Convicted murderer Christopher Charles Lightsey will soon return to the place he called home for 17 years: San Quentin State Prison.
A jury Friday found Lightsey was competent during his trial in 1994 to 1995 for the murder of an elderly cancer patient. He did not accept the verdict quietly.
"This is the most tyrannical, racketeering court I have ever seen in my life," Lightsey said as deputies removed him from the courtroom.
The verdict ends a 2 1/2-year saga that began with the California Supreme Court's 2012 ruling that a Kern County judge violated state law by allowing Lightsey to represent himself during a competency hearing and by failing to appoint an attorney for his trial. Lightsey represented himself for six months during his trial before two attorneys were appointed to his case.
A new murder trial would have been scheduled if the jury had found Lightsey incompetent.
District Attorney Lisa Green said afterward it was appropriate these proceedings were held because the law is clear Lightsey was entitled to an attorney. But she said she always believed there was enough information from court transcripts and witnesses to prove he was competent back then.
That's not to say there weren't difficulties in this hearing, which both attorneys said was very unusual in its circumstances. Most competency hearings are held to determine a defendant's current level of competency.
In this case, jurors had to decide whether a defendant was competent 20 years ago. Several attorneys and doctors who examined Lightsey at that time have died, and others are disabled and live out of state and were unable to travel.
Richard Terry, who represented Lightsey in the current hearing along with co-counsel Tony Lidgett, said he was "obviously disappointed" by the jury's verdict. He said Lightsey has never been able to cooperate with him and Lidgett, just as he was incapable of cooperating with his attorneys in 1994 and 1995.
Terry also said he doesn't think it's possible to recreate circumstances and effectively determine someone's competency from so long ago.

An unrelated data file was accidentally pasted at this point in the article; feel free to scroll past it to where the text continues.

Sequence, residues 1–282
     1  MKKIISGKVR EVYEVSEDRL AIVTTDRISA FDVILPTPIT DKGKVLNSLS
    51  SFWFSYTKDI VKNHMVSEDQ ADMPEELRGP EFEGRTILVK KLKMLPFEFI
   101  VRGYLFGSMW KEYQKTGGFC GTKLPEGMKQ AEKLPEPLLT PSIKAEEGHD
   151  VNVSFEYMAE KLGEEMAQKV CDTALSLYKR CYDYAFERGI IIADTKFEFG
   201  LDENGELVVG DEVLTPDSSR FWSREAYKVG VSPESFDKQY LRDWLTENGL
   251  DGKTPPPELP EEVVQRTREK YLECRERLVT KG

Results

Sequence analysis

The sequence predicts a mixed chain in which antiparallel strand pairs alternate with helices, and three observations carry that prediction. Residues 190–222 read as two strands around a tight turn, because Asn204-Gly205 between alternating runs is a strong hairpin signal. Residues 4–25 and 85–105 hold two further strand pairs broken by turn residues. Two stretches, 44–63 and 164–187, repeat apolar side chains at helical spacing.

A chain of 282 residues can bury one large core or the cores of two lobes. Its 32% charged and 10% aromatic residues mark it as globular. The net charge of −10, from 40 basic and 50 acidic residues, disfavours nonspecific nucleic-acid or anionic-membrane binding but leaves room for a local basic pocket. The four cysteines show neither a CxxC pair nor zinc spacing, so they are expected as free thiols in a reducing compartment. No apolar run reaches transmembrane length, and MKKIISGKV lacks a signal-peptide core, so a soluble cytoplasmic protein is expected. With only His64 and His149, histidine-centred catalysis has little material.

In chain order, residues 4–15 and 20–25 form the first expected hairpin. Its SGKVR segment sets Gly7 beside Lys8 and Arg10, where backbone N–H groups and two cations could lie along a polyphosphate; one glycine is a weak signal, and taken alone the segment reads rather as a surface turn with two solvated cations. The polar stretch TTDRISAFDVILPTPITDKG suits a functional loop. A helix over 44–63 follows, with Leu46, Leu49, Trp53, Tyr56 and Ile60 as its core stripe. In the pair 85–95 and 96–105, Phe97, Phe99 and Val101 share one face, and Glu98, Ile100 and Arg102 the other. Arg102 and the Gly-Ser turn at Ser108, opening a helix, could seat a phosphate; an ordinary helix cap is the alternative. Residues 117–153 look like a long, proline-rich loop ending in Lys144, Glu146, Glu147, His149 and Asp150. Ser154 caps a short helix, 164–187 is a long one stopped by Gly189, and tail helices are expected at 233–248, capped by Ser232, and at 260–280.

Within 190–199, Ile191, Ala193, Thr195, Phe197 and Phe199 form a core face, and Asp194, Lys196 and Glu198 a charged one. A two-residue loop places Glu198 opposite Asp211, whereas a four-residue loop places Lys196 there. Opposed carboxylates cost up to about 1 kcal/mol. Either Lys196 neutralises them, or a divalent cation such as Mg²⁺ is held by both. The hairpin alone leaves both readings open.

"I think it's an absurdity," he said.
Lightsey will return to death row, but a hearing is scheduled for Feb. 27 to determine if a new death warrant has to be issued before San Quentin once again accepts him as an inmate.
He was first transported there following his 1995 conviction of the murder of William Compton. He stabbed Compton 42 times and stole his gun collection, a jar of coins and other items.
Lightsey is also considered a suspect in the 1990 killing of 4-year-old Jessica Martinez. That case has never been submitted to the District Attorney's office due to lack of evidence.
Green said in her closing argument Friday morning that Lightsey was competent under the three prongs used to determine competency: He understood the nature and purpose of the proceedings against him; he understood his own status in the proceedings; and he was able to assist his attorneys in a rational manner. Green noted Lightsey butted heads with numerous attorneys, but he was capable of rationally assisting them; he just chose at times not to do so.
The only time his outbursts in 1994 and 1995 resulted in measures being taken against him was when he was gagged during his sentencing. Otherwise, he followed the court's orders and quieted down when told to do so, Green said.
She presented witnesses including deputies and doctors during the competency hearing who said Lightsey was capable of being understood. One of his former attorneys, Kern County Superior Court Commissioner Ralph McKnight Jr., said Lightsey was "minimally" capable of cooperating with attorneys, but he did have the ability to cooperate.
Terry argued Lightsey's delusional views skewed how he understood the court proceedings in 1994 to 1995. Several doctors testified Lightsey was paranoid and believed there was a conspiracy comprised of prosecutors, judges and even his own attorneys working against him.
Terry said Lightsey had "a total lack of connection with the real world when it came to certain target issues."
Jurors deliberated for about two hours before reaching a verdict. The trial lasted seven days, and Lightsey was removed from court on each one for disrupting the proceedings with outbursts.
Green said following the verdict she's happy she prevailed, but it's hard to get too excited. There's always another appeal that will be filed.
"It's really never over," she said.